Those living in apartments or homes without central air have to come to terms with ugly, boxy air conditioners hanging out their windows. It's either that, or be roasted alive in the summer. But it doesn't have to be that way, not when LG is somehow packing air conditioners into these ultra-slim housings that hang on your wall like artwork.
Just like the CPU in your computer, the human brain has an optimal temperature where it runs best. But unlike a computer's CPU, there's no built-in fan to chill the brain when it starts to run hot. Which is why researchers now believe that yawning is actually the body's physiological way of keeping the brain nice and cool.
Would you know Reddit or Twitter if you were only looking at their layouts? You might not think so—but you'd be surprised how well you know the structure of your most-used sites. Now, you can take a test to find out.
Alright. Pack it up, people. I don't care if you skate or not—I don't—because, either way, I think we should all take a little day trip and go chill out on this floating ramp in the middle of Lake Tahoe.
These lumpy, interconnected tubes of concrete, like wet rolls of old newspaper, are from a series of speculative architectural images by artist Dionisio Gonzalez, on display at Gallery Yusto in Malaga, Spain, until March 20th. Gonzalez claims the designs offer "disaster-resistance," something that—with no structural testing, no wind-load assessment, and an awful lot of plate glass—should be taken purely as an artist's statement. Let's just enjoy these houses for their futuristic aesthetics, instead. [designboom]
As an electricity source, what could be greener than plants? That's the idea behind this rig, the world's first system that powers an FM radio using nothing more than the photosynthetic powers of moss. And creators Fabienne Felder and Dr. Paolo Bombelli are just getting started.
New York's fleet of iconic yellow taxis are still the city's reliable, non-surge priced transportation backbone. Its 13,500 medallion taxis make 170 million trips a year, every single one of them mapped in this beautiful new visualization from the folks at the MIT Senseable City Lab. The interactive map isn't just here to be pretty—it's also the data behind a strategy to make riding taxis way more efficient.
Bless you, LJ Frezza, whomever you are, for piecing together this glorious supercut of building exteriors and empty living rooms from Seinfeld. It's amazing how much time we spend looking at empty shots in which nothing is happening. Just a building and the sound of a couple of plunky notes played on a bass.
We've known that flesh wounds create disturbances in the skin's bioelectric field since Emil du Bois-Reymond first placed an injured hand in a galvanometer in 1843. Thanks to a new discovery from a team at the University of Berkeley, we might soon be able to harness those currents to heal ourselves with electricity.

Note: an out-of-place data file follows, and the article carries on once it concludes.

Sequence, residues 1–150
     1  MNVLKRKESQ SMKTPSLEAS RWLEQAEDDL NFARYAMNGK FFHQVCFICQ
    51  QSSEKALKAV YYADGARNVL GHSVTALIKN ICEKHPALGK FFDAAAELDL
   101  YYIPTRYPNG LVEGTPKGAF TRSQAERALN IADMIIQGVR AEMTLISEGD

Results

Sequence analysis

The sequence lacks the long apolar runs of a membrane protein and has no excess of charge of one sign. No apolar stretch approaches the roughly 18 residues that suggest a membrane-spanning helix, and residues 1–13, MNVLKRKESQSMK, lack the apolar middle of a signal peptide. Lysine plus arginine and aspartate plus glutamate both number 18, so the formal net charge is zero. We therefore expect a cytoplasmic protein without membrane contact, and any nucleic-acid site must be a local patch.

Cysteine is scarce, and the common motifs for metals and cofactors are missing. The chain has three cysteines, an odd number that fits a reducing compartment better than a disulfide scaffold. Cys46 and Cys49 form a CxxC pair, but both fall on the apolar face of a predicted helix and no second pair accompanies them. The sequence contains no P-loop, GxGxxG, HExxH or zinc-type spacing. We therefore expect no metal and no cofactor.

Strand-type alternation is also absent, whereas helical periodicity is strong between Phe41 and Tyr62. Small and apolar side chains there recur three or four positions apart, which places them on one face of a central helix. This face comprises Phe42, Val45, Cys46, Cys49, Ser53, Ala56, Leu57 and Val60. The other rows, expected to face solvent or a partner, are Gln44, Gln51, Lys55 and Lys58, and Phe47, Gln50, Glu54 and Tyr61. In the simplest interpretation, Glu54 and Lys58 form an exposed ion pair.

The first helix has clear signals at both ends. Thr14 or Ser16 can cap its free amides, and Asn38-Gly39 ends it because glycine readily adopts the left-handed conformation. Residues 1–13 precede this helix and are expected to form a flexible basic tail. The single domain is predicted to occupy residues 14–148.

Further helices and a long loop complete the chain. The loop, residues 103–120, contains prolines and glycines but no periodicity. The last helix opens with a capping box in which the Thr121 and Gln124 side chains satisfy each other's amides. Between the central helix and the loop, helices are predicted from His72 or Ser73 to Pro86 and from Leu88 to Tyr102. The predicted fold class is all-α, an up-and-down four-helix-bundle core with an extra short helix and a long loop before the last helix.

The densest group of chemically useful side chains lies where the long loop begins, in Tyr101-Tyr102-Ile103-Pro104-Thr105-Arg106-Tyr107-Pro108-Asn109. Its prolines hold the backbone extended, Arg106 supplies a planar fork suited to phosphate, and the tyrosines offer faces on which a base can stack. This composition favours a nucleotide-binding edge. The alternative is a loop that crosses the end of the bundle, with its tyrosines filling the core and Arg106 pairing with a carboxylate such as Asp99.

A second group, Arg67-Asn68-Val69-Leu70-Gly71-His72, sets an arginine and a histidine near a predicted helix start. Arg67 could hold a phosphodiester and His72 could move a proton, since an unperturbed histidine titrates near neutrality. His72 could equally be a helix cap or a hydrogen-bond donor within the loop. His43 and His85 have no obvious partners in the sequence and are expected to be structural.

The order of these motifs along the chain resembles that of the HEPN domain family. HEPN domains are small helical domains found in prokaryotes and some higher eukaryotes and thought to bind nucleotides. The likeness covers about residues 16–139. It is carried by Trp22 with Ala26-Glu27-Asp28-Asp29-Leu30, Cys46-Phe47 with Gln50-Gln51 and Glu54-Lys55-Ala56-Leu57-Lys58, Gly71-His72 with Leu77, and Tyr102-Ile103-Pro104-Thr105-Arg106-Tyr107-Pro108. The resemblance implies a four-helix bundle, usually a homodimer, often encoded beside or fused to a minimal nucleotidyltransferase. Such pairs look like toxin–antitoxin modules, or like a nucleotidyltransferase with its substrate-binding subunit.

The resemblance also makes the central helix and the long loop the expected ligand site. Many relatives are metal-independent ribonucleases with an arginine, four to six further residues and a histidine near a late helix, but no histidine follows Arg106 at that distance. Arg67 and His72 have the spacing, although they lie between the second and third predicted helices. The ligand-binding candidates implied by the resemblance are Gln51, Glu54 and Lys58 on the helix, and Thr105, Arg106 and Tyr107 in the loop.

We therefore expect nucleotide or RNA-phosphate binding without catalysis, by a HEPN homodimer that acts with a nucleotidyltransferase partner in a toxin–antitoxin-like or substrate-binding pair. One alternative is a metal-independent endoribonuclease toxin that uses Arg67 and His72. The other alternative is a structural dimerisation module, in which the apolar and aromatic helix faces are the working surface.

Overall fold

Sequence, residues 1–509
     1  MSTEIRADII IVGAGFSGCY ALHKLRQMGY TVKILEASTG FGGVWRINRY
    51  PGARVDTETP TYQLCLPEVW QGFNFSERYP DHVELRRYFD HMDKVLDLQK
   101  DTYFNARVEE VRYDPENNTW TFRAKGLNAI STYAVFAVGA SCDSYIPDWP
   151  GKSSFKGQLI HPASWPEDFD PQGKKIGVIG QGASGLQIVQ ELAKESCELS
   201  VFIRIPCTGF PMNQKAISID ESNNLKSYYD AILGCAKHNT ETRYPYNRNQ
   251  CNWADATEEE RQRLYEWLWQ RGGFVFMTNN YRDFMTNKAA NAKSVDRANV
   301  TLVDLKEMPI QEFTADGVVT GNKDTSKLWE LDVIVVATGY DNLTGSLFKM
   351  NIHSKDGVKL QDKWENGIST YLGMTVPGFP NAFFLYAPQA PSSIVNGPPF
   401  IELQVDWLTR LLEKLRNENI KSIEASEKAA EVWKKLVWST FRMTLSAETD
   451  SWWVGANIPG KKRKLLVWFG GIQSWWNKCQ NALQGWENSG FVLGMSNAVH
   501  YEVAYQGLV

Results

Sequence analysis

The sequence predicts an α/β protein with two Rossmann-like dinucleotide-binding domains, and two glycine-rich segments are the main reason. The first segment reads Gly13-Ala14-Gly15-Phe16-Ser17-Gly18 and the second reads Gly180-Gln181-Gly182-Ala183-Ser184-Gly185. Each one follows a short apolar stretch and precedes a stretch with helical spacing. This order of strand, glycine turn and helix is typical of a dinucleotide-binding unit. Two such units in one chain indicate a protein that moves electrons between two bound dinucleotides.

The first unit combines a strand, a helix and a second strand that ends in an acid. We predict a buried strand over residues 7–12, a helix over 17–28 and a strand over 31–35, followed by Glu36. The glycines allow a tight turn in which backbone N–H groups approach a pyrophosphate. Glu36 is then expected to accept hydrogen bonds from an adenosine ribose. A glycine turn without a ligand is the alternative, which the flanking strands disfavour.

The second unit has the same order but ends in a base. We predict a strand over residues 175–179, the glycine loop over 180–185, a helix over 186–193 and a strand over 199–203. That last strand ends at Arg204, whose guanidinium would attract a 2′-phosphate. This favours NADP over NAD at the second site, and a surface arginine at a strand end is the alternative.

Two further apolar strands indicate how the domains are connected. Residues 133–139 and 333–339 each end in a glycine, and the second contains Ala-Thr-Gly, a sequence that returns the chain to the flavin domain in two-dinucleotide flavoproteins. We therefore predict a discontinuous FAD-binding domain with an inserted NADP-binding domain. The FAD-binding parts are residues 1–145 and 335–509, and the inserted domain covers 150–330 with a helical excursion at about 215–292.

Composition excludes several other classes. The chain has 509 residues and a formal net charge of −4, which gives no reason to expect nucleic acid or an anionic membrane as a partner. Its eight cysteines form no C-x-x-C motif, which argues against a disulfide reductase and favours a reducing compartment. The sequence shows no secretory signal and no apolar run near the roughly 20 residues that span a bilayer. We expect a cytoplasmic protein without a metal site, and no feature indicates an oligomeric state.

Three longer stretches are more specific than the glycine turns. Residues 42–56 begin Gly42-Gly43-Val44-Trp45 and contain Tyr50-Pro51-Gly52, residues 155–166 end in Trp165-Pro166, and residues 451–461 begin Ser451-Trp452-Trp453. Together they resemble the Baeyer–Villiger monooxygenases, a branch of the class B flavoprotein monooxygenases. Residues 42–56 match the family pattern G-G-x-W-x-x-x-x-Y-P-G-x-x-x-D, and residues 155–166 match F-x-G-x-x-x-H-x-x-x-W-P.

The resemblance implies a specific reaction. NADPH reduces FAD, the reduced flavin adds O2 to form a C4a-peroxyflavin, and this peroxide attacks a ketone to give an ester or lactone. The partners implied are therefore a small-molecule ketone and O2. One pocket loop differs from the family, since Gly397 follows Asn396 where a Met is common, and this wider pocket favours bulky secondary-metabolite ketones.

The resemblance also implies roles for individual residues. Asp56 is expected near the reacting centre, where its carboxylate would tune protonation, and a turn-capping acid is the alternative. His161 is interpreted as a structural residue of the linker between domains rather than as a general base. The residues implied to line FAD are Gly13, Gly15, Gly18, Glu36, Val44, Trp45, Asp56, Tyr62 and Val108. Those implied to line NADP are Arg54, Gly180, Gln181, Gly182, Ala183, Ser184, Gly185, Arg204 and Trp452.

Built for over a million people, the city of Ordos was designed to be the crowning glory of Inner Mongolia. Doomed to incompletion however, this futuristic metropolis now rises empty out of the deserts of northern China. Only 2% of its buildings were ever filled; the rest has largely been left to decay, abandoned mid-construction, earning Ordos the title of China's Ghost City.
If you've been lusting for a Retina iPad Mini, Best Buy is taking $50 off of 32GB and larger Wi-Fi models across the board, and $80 off the same LTE models. This is one of the best sales we've seen on Apple's smaller tablet offering, and it's only valid today.
Running an emulator with a few ROMs on your laptop or smartphone is a great way to scratch a nostalgic itch for a long lost console. But for the full experience, you need a TV to crowd around with friends, real controllers, and of course the hardware. Which is where the Analogue Nt—a gorgeous aluminum NES clone—enters the picture.
It's rare to see architects working on security and human rights issues—but that's exactly what's happening right now, as a group of designers collaborate with the UN to document drone strikes in the Middle East.
The Boeing 777 that seemed to disappear into thin air last weekend has still not been found after five days of search and rescue. Now a crowdsourcing company has started a campaign where anyone can pore over satellite images to find traces of Flight 370 or its 239 passengers.
You can forget the wheel, nuclear power, and even the internet. All of man's greatest creations have been eclipsed by this pint-sized robot that's able to make custom Oreo cookies whenever you have the craving.